For example, the study found that 58% of Generation Y workers and 52% of Generation X employees want their employer to provide “pathways to personal growth,” compared to 41% of boomers and 29% of matures (born 1900 to 1945).
“Employees’ views of work and growth opportunities vary by generation; therefore improving job satisfaction and productivity require tailored approaches,” said Genia Spencer, managing director of operations and HR for Randstad USA, in a news release.
The study broke down the workforce into four generations of employees:
- matures (born between 1900 and 1945)
- boomers (born between 1946 and 1964)
- Generation X (born between 1965 and 1979)
- Generation Y (born between 1980 and 1987).
Generation Y – sometimes referred to as millennials, echo boomers and nexters, “has a different take on career development,” the study report noted. “They are the least interested in pay increases, even though one could assume they are at the bottom of the pay scale.”
Meanwhile, learning new skills is the most important aspect of the job for Generation Y (31%), while Generation X, boomers and matures see less value in such development: Generation X, 22%; boomers, 21%; and matures, 20%.
Spencer said the study found that members of Generation Y want jobs that give them time to pursue personal interests as well as the ability to finance their way of life, she said. “They’ve had it reinforced through everything they’ve seen that the pursuit of the traditional career path and the additional hours of work do not necessarily lead to a guarantee of a future position and status,” she said.
Other generational differences:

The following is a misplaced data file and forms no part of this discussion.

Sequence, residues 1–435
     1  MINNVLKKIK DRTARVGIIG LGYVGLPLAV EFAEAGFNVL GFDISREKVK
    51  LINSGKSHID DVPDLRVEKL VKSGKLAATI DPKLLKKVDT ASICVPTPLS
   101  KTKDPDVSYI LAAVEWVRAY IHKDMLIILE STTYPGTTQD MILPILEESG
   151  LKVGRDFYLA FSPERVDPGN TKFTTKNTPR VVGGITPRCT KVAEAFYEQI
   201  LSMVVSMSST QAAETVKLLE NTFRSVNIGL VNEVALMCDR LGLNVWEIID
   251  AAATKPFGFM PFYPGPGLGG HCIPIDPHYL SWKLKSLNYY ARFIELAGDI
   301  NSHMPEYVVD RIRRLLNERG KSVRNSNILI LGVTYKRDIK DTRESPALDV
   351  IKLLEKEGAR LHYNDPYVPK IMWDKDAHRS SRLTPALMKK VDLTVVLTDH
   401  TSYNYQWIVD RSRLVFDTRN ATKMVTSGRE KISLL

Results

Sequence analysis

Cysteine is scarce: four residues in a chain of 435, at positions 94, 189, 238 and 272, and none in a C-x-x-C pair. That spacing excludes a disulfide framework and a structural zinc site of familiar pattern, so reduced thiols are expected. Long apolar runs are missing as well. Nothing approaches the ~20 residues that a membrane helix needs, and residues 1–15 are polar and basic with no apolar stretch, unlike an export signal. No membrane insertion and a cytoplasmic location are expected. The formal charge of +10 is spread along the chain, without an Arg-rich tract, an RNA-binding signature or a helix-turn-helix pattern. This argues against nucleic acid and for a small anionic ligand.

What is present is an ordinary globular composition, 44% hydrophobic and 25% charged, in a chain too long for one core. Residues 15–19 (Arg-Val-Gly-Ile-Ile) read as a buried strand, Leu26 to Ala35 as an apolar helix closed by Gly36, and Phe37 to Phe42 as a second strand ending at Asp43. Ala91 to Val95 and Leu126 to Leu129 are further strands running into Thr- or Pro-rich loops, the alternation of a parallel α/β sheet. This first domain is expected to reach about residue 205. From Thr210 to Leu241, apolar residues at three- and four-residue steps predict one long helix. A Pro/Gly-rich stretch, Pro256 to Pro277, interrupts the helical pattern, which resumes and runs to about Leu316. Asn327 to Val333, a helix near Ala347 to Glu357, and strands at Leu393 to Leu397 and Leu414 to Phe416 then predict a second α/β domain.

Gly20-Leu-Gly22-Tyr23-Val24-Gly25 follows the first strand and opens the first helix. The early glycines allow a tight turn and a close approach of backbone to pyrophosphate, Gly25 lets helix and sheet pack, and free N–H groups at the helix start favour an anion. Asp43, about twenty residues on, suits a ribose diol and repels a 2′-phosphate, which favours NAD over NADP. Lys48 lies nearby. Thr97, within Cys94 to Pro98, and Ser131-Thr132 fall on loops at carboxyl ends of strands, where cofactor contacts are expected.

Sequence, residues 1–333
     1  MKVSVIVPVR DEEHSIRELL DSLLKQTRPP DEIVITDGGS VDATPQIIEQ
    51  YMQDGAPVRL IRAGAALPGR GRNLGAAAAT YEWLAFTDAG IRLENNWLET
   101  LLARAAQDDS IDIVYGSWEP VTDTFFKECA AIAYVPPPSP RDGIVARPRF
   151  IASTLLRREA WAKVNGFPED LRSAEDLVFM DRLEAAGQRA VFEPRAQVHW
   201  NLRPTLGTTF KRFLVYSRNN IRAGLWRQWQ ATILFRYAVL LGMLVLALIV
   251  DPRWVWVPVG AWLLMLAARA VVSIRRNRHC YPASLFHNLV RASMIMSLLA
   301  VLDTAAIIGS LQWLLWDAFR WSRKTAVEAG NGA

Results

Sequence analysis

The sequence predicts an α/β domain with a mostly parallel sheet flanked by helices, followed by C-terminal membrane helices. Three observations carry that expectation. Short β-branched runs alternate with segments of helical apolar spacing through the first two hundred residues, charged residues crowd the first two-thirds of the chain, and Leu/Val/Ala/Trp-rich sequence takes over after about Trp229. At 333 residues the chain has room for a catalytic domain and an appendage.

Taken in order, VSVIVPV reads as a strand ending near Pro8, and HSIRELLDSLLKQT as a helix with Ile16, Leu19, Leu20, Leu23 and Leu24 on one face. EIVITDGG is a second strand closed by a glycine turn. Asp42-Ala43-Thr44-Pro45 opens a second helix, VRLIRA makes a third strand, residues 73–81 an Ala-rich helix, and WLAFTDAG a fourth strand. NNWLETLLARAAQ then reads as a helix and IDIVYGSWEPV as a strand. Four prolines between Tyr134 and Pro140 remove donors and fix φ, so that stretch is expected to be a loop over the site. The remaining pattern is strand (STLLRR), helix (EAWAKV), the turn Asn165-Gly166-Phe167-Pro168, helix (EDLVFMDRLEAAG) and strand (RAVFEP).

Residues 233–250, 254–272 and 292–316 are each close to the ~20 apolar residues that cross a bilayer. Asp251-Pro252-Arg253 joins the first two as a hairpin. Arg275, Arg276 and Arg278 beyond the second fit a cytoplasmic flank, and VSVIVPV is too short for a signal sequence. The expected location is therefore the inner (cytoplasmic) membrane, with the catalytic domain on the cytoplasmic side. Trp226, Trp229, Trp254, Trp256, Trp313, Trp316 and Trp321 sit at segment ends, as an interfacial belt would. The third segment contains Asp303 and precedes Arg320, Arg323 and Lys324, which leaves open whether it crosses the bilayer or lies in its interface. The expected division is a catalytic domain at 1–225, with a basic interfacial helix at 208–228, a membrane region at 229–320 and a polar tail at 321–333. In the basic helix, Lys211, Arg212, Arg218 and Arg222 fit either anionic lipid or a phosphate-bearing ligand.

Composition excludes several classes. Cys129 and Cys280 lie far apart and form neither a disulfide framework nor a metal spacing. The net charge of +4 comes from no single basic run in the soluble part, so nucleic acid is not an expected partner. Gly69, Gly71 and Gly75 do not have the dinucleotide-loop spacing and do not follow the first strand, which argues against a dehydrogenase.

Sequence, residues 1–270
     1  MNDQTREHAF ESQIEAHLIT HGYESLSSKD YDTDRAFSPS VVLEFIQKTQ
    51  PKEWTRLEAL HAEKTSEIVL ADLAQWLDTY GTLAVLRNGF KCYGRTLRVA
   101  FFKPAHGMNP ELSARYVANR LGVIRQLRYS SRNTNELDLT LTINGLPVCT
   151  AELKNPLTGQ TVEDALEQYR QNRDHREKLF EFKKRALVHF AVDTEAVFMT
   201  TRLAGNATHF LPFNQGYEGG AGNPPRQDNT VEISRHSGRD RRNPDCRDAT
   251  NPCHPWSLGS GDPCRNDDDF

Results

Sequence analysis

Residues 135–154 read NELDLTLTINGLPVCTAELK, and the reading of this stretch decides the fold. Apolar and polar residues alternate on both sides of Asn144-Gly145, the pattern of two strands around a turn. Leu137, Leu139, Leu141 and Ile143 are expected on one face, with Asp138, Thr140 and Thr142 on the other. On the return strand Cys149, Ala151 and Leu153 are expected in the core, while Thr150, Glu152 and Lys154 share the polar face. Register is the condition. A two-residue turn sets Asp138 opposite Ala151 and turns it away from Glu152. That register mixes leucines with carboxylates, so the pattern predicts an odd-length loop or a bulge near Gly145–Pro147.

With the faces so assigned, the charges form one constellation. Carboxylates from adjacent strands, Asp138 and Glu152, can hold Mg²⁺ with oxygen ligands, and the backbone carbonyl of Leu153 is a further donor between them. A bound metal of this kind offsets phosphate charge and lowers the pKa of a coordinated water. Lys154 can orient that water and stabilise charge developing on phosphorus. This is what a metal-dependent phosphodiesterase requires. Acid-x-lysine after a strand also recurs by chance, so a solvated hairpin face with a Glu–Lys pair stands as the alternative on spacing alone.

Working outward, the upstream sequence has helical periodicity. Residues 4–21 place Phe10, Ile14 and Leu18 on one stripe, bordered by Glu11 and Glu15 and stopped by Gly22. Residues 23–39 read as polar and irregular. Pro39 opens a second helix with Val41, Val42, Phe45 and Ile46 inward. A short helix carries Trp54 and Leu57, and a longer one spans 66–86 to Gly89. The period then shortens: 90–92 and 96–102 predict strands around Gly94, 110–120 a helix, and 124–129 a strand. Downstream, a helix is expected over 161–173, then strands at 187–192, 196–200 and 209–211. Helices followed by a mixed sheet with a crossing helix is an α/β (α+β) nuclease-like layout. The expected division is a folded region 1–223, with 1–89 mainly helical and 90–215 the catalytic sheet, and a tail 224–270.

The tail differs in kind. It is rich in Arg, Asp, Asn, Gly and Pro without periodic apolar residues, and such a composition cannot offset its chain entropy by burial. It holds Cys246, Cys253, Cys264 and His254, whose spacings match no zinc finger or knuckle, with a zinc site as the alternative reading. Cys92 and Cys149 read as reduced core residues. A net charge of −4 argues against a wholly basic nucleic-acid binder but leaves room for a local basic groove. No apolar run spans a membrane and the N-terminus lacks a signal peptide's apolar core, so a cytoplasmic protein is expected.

- job training most appeals to Generation Y (10%) compared to matures and boomers (4 %) and Generation X (3%).
- 3% of Generation Y and 8% of Generation X consider increased responsibilities important to their careers, unlike matures (15%) and boomers (11%).
- Generation X and boomers value promotions (11% and 9%, respectively) more than Generation Y (4%) and matures (2%).
- Matures (84%) want recognition and appreciation from a job; 78% of boomers and 74% of both Generation X and Generation Y said this was important.
- Generation Y cares least about pay increases (27%) than do matures (40%), boomers (33%) and Generation X (31%).
“The usual process of career development means increased responsibilities and learning new skills along the way, resulting in a promotion with a pay increase, immediately followed by increased responsibilities. It’s hard to say how Generation Y will reconcile this disconnect among the aspects of career development. They may be the generation that redefines career development,” the report said.
Turning to employees’ view about money, Randstad found that more employees surveyed this year than last (39% vs. 28%) think they are underpaid, while more employers this year than last (50% vs. 42%) think the salaries they offer “are on par with the marketplace,” the study says. Workers see a gap in the value they provide their employer and the value the employer assigns to their efforts, Spencer said.
Despite talk about job pressures and claims of wanting a healthier work/life balance, a majority of employees of all ages agree they would put up with more job stress if they received more money. Generation X is most willing to accept more stress for a boost in pay (66%). Generation Y (60%), boomers and matures (both at 55%) also are willing to take on more stress for a fatter paycheck.
The survey covered nearly 3,000 adults.